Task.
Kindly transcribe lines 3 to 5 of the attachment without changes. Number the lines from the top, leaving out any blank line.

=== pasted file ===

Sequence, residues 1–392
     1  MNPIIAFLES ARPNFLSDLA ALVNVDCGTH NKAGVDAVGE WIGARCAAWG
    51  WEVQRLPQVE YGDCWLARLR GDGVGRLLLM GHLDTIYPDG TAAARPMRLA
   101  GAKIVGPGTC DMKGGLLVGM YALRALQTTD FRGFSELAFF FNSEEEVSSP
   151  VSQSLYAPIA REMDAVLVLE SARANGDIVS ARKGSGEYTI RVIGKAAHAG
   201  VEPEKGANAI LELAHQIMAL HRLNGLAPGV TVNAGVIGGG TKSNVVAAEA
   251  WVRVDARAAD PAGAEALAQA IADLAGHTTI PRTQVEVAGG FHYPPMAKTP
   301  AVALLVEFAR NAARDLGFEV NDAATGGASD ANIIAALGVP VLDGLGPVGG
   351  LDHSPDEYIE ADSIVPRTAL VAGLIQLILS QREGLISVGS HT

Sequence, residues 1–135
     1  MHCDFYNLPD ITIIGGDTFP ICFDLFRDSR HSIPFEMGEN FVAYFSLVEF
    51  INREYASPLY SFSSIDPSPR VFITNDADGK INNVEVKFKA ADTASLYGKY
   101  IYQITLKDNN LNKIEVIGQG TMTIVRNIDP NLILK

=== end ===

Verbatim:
    51  WEVQRLPQVE YGDCWLARLR GDGVGRLLLM GHLDTIYPDG TAAARPMRLA
   101  GAKIVGPGTC DMKGGLLVGM YALRALQTTD FRGFSELAFF FNSEEEVSSP
   151  VSQSLYAPIA REMDAVLVLE SARANGDIVS ARKGSGEYTI RVIGKAAHAG